Quinn Davis 13 Sparta, Tennessee
Eloy Sebastián

López Falcón

17 Mexico City, Mexico
Katie Hettinger 15 Dryden, MI
Caleb Johnson 15 Denver, CO
Nathan Lyons 13 Concord, NC
Andrés Pérez de Lara 17 Mexico City, Mexico
Jaiden Reyna 16 Cornelius, NC
Jordon Riddick 17 Sellersburg, IN
Paige Rogers 19 New Haven, IN
Lavar Scott 19 Carney’s Point, NJ
Regina Sirvent 19 Mexico City, Mexico
Lucas Vera 15 Charlotte, NC


Dr. Diandra: Crashes: Causes and complications


Two drivers have missed races this year after hard rear-end crashes. Kurt Busch has been out since an incident in qualifying at Pocono in July. Alex Bowman backed hard into a wall at Texas and will miss Sunday’s race at the Charlotte Roval (2 p.m. ET, NBC).

Other drivers have noted that the hits they’ve taken in the Next Gen car are among the hardest they’ve felt in a Cup car.

“When I crashed it (at Auto Club Speedway in practice), I thought the car was destroyed, and it barely backed the bumper off. It just felt like somebody hit you with a hammer,” Kevin Harvick told NBC Sports.

The three most crucial parameters in determining the severity of a crash are:

  • How much kinetic energy the car carries
  • How long the collision takes
  • The angle at which the car hits


The last of these factors requires trigonometry to explain properly. You can probably intuit, however, that a shallower hit is preferable to a head-on — or rear-on — hit.

A graphic show shallower (low-angle) hits and deeper (high-angle) hits
Click for a larger view

When the angle between the car and the wall is small, most of the driver’s momentum starts and remains in the direction parallel to the wall. The car experiences a small change in velocity.

The larger the angle, the larger the change in perpendicular speed and the more force experienced. NASCAR has noted that more crashes this season have had greater angles than in the past.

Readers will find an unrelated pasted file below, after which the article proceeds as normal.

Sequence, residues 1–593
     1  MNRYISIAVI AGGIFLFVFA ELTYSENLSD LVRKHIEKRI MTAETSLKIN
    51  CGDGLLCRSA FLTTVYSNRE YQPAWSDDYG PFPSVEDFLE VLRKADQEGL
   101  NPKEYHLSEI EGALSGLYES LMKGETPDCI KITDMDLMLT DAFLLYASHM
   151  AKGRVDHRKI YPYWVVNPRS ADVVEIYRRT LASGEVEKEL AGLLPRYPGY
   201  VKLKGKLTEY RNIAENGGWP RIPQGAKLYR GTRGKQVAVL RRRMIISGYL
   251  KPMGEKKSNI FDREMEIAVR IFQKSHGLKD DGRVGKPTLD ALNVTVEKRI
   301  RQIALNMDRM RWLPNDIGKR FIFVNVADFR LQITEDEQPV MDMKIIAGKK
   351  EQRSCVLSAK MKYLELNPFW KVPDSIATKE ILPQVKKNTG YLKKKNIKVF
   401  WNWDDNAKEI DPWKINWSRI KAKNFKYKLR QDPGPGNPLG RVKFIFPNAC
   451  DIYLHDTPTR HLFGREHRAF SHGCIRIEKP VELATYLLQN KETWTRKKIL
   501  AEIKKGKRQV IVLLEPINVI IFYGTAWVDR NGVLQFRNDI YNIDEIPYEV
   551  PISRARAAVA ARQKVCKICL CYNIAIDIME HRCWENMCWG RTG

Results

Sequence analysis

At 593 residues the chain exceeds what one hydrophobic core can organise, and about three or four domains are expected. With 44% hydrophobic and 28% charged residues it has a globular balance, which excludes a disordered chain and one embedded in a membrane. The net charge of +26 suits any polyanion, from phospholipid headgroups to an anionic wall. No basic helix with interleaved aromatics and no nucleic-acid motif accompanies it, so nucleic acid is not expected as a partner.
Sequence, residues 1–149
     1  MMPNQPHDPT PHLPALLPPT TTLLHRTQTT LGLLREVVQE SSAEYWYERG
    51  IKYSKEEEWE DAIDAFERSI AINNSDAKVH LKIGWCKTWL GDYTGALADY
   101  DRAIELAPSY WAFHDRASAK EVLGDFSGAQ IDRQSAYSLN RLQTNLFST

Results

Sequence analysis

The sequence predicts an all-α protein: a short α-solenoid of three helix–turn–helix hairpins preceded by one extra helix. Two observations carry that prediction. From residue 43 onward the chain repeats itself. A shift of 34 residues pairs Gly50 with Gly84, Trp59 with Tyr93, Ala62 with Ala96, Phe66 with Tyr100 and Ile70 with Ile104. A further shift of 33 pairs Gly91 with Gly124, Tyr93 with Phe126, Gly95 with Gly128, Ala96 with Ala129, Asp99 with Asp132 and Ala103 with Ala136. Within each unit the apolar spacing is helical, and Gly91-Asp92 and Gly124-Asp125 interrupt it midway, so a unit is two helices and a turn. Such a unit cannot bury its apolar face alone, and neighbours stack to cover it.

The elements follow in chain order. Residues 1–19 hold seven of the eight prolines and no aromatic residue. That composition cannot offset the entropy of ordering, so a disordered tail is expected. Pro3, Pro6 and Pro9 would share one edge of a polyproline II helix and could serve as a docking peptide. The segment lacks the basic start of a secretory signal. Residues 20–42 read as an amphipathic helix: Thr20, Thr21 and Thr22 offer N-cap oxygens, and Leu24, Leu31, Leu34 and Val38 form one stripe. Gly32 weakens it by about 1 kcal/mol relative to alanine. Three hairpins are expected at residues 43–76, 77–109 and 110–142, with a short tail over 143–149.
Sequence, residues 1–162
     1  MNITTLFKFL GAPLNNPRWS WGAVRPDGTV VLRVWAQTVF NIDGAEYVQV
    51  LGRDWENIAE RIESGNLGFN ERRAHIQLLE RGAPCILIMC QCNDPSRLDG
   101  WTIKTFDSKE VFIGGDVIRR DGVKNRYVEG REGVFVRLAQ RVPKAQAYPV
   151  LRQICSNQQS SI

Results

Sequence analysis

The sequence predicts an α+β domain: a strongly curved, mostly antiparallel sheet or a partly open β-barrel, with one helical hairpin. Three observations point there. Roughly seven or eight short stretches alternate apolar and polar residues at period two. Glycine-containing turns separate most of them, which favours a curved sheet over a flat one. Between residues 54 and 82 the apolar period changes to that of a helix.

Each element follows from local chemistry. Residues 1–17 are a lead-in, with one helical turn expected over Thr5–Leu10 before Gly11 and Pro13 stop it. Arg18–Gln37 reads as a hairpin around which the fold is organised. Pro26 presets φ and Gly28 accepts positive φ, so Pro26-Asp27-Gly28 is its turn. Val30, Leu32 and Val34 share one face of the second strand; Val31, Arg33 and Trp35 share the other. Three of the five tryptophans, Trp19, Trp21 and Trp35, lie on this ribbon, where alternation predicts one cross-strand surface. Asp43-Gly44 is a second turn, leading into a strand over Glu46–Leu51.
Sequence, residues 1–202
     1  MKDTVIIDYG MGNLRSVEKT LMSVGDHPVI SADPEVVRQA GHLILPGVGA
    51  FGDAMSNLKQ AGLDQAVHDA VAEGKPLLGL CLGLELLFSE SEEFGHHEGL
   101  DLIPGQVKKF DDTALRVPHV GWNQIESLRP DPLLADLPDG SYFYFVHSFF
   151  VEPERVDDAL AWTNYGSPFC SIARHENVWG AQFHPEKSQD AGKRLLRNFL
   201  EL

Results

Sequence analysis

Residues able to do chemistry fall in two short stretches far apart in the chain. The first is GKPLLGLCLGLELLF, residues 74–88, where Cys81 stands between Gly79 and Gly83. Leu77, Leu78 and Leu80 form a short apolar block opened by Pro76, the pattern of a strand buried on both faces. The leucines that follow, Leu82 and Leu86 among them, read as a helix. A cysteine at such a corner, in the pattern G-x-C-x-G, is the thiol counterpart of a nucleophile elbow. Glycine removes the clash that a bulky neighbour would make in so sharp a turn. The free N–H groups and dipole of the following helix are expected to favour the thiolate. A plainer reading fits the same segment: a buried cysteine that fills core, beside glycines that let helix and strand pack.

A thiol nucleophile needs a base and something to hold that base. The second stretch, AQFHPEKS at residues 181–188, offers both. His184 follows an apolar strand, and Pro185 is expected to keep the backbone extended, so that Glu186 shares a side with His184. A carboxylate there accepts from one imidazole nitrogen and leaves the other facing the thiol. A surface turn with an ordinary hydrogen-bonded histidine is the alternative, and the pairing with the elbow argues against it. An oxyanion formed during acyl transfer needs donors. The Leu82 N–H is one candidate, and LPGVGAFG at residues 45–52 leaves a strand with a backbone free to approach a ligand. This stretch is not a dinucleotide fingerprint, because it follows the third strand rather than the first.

Busch and Bowman both had pretty large-angle hits, so we’ll skip the trig.

Energy — in pounds of TNT

A car’s kinetic energy depends on how much it weighs and how fast it’s going. But the relationship between kinetic energy and speed is not linear: It’s quadratic. That means going twice as fast gives you four times more kinetic energy.

The graph shows the kinetic energies of different kinds of race cars at different speeds. To give you an idea of how much energy we’re talking about, I expressed the kinetic energy in terms of equivalent pounds of TNT.

A vertical bar graph showing kinetic energies for different types of racecars and their energies

  • A Next Gen car going 180 mph has the same kinetic energy as is stored in almost three pounds of TNT.
  • Because IndyCars are about half the weight of NASCAR’s Next Gen car, an IndyCar has about half the kinetic energy of a Next Gen car when both travel at the same speed.
  • At 330 mph, Top Fuel drag racers carry the equivalent of six pounds of TNT in kinetic energy.

All of a car’s kinetic energy must be transformed to other types of energy when the car slows or stops. NASCAR states that more crashes are occurring at higher closing speeds, which means more kinetic energy.

Longer collisions > shorter collisions

That seems counterintuitive, doesn’t it? Who wants to be in a crash any longer than necessary?

But the longer a collision takes, the more time there is to transform kinetic energy.

A pitting car starts slowing down well below it reaches its pit box. The car’s kinetic energy is transformed into heat energy (brakes and rotors warming), light energy (glowing rotors), and even sound energy (tires squealing).

The same amount of kinetic energy must be transformed in a collision — but much faster. In addition to heat, light and sound, energy is transformed via the car spinning and parts deforming or breaking. (This video about Michael McDowell’s 2008 Texas qualifying crash goes into more detail.)

The force a collision produces depends on how long the car takes to stop. Compare the force from your seat belt when you slow down at a stop sign to what you feel if you have to suddenly slam on the brakes.

To give you an idea of how fast collisions can be, the initial wall impact in the crash that killed Dale Earnhardt Sr. lasted only eight-hundredths (0.08) of a second.

SAFER barriers use a car’s kinetic energy to move a heavy steel wall and crush pieces of energy-absorbing foam. That extracts energy from the car, plus the barrier extends the collision time.